Prototype iPhone was left at bar by Apple software engineerA 27-year-old Apple software engineer who was field testing Apple's unreleased fourth-generation iPhone left the top-secret device sitting on a bar stool after drinking a German beer in Redwood City, California, Gizmodo reported Monday evening.
Revealing the alleged story behind how Apple's forthcoming hardware was mistakenly lost in public, Jesus Diaz said that the North Carolina State University graduate typed one last Facebook update —"I underestimated how good German beer is" —into his prototype iPhone before it was left on a bar stool. Diaz noted that while Apple's legendary veil of secrecy usually works remarkably well, this time someone slipped up.
"The fact is that there's no perfect security," he wrote. "Not when humans are involved. Humans that can lose things. You know, like the next generation iPhone."
The report claimed that the software engineer, who worked on the iPhone baseband software, was at Gourmet Haus Staudt the evening of Thursday, March 18, just 20 miles from the company's Cupertino, Calif., campus. The Apple employee allegedly left the bar, and left his prototype phone behind, where a patron who sat next to him found the device.
Gizmodo reported that the person who found the phone began to ask around to see if it was anyone's, but no one responded. At first the hardware did not arouse suspicion because it was encased in a plastic shell that made it look like last year's iPhone 3GS. But when no one claimed the phone, the person began to play around with it, and noticed some issues: the camera crashed repeatedly, and the back of it had two barcodes stuck on it.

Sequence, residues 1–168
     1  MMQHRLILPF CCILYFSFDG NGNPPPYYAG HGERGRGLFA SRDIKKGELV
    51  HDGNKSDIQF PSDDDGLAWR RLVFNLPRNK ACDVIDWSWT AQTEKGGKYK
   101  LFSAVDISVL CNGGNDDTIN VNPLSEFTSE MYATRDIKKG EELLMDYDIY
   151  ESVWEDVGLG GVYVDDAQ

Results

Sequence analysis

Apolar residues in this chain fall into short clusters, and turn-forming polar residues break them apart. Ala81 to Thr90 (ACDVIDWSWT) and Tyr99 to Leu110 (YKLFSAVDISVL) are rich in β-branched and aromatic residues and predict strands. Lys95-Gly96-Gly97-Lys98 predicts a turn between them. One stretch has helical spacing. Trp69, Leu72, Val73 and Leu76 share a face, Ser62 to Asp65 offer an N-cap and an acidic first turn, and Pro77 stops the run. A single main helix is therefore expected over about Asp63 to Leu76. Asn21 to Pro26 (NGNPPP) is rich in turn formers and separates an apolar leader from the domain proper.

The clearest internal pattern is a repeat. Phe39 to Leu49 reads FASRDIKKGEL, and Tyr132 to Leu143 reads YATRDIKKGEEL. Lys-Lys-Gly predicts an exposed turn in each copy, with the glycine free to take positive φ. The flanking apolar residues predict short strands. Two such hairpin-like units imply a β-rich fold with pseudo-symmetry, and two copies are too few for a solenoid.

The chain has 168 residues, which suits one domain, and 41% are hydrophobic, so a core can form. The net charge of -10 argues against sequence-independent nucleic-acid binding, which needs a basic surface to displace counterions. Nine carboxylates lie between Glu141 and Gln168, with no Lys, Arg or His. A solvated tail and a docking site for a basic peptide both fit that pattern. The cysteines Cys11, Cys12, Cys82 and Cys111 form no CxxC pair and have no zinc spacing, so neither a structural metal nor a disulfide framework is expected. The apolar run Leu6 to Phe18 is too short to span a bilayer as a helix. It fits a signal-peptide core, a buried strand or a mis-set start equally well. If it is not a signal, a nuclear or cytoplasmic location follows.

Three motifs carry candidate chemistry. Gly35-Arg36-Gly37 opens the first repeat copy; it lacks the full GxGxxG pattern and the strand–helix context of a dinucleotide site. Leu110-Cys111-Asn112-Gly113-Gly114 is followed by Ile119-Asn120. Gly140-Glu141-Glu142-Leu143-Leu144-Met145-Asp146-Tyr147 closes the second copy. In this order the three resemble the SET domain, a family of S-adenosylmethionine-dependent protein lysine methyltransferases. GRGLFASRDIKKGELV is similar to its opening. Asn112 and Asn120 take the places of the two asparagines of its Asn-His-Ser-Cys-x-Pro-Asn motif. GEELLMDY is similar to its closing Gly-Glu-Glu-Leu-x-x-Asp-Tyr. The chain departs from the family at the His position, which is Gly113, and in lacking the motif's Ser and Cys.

The bar patron took the phone home with him, and by the next morning it had been remotely deactivated through MobileMe. The anonymous finder —referred to only as a "he" —then realized that something didn't feel right about the phone, and it had a forward facing camera on the front. The person then managed to remove the exterior casing to reveal the true outer shell of the fourth-generation iPhone prototype.
Gizmodo managed to reach the software engineer who allegedly lost the iPhone on Monday, and said they would like to give the handset back (after the website already disassembled it for all of the Internet to see). The person reportedly said they couldn't "talk too much," but indirectly confirmed the iPhone was theirs.
"He sounded tired and broken," Diaz wrote. "But at least, he's alive. And apparently, still working at Apple."
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